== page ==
November ~ 2020
President's Message
Welcome to the November newsletter!

We’re moving into the cooler and wetter months now. We’ve harvested our crops and readied our plants for winter. The season of reflection and snuggling into our nests has begun. 

In this month’s newsletter, we’re suggesting books to read, recipes to try, classes to sign up for, a webinar taking us to Argentina, tips on tool and garden maintenance, and fun ideas for caring for our winter bird populations. We hope each of you will find something that sparks your interest.

We continue to welcome new and renewing members and donors. Thank you. Check below to see if you’ve won this month’s raffle!!! If you haven’t yet renewed your membership, it’s not too late to do so and have your name added to next month’s drawing.

We’re also asking for YOUR help as we gather information and photos for an upcoming issue on the history of the Orcas Island Garden Club. Another request is for photos of your favorite garden tool. Read the articles below and then join in the fun by sending us your photos and stories.

Until we meet again!
Nita Couchman, President
Board Members
Nita Couchman
Lene Symes
Perri Gibbons
Karen Hiller
Sally Hodson
Laura Walker 
Jan Jacobson
Tony Suruda
Helen Huber
Linda Armstrong
This Month's Featured Webinar
Polylepis australis
Escape to and from Argentina --
Botanical Adventures in a Pandemic
Submitted by Lene Symes

Sue Milliken and Kelly Dodson are plant collectors. You may know of them through Far Reaches Farm, a rare plant specialty nursery in Port Townsend, or through their non-profit organization, Far Reaches Botanical Conservancy. In March they traveled to Argentina on a plant and seed collecting expedition. They planned for a 10-day trip but the spread of Covid-19 led to the trip being terminated after three days. They, and their fellow travelers, accomplished a great deal in those 3 days, including a safe return to the United States.

In this presentation there are wonderful photos, stories of helpful people, some about how a fellow traveler collected plant specimens for herbarium in Argentina and the US, and a little about collecting seeds.

The presentation ends with a brief mention of plants they saw during subsequent hiking trips in the Olympic Mountains of Washington State. Their responses to questions at the end of the presentation are worth listening to. Thank you to the Washington State Native Plant Society, Olympic Peninsula Chapter, for making this beautiful and interesting presentation freely available.

If this presentation interested you, visit the
Washington Native Plant Society website
to find a list of their recorded webinars:

We'd love to hear what you thought.
Please send your comments and ideas for future webinars to:

Curtis Walker
Elyse Woodruff
THANK YOU to Renewing Members & Donors
David Hagerla & Stephen Bostic
Lisa Poitras
For those of you who would like to support the Garden Club by paying a voluntary membership renewal of $20.00 (mandatory renewals have been waived for this year), by becoming a new member, or by giving a donation, your name will be entered in a raffle. 

We are raffling off some lovely sea salts that would have been used in an August fermentation workshop which had to be cancelled. Drawings will take place in November and December for one item each month.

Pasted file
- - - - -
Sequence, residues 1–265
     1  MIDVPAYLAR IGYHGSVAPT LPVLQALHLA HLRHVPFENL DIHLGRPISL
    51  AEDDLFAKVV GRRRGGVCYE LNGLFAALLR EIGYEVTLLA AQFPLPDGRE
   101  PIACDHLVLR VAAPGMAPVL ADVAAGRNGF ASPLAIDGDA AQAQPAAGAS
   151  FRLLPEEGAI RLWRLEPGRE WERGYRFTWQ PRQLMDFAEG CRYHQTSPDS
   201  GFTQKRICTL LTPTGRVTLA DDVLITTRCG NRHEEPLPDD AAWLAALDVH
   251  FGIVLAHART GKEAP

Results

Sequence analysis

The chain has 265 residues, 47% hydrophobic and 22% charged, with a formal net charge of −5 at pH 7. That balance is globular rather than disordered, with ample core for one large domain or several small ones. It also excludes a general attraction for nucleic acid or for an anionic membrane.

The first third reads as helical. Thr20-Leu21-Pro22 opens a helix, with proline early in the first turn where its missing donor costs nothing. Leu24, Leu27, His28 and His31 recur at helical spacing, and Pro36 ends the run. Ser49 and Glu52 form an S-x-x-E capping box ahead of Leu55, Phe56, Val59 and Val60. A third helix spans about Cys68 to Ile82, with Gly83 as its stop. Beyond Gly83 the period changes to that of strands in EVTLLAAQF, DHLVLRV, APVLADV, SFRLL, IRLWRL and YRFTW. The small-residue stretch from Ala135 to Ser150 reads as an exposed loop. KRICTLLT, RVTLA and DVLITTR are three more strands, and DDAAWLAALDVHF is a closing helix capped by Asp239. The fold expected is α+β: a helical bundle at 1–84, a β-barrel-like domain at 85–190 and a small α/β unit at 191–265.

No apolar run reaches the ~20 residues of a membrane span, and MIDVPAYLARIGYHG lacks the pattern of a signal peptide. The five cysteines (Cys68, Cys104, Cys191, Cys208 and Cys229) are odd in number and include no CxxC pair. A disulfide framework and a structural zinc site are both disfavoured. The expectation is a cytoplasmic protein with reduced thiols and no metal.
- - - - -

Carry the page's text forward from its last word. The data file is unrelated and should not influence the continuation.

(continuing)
C O N G R A T U L A T I O N S !!!



Next month's
raffle prize:

Kosher Sea Salt
from the Dead Sea
39 oz. 
(from Israel)
To renew your membership, become a member, or make a donation, please print the membership form from the link below and mail it in with your check. YOU could be the next lucky winner of some fabulous sea salt.
On Saturday, January 30, 2021, you can join the virtual Victoria Master Gardener biennial conference for new and seasoned gardeners. This year phenomenal speakers will present on the 2021 theme: Roots, Shoots & Leaves, and we will be connecting with Vendors, a gardeners’ chat room, a Silent Auction, and much more throughout the day. Speakers include Richie Steffen, Dr. Linda Gilkeson, Ron Carter, Bianca Bodley, and Dr. Drew Zwart. For more information and to register, click here.

Date and Time: Saturday, January 30, 2021.
Main presentations from 9:00 am–4:00 pm. Zoom open from 8:00 am–4:30-ish
Location: Online with Zoom platform. All from the comfort of your home.
  • Zoom training will be available leading up to the conference - if you are interested please let us know on your registration form.
Price: Event Registration Fee $55 (CANADIAN) 
For registration questions, please contact us.
Zoom Platform - Links will be sent to registrants a week prior to the conference.
Learn to be a better home gardener and steward of the environment this winter with Washington State University – San Juan County Extension’s new online Home Horticulture Training program.

Training focuses on a wide range of horticulture topics taught online by WSU faculty, staff, Master Gardeners, and other regional experts on Saturday mornings from 9 a.m. to noon starting Jan. 9 and continuing weekly through Apr. 24. Training also includes access to WSU Extension’s online Master Gardener Training Modules and the extensive Master Gardener Manual.

Those wishing to earn a Certificate of Completion will need to participate in weekly online quizzes, a final, and attend most classes. Homework is expected to average 3-5 hours a week. All training is open book and no memorization is expected.

Tuition for this extensive training program is $300 and requires a computer with internet access, an e-mail account, and a Zoom account. Registration opens Nov. 14.

For more information and to register, please visit, email , or call 360 370-7663.
THE LANGUAGE OF FLOWERS: Fiction vs. Nonfiction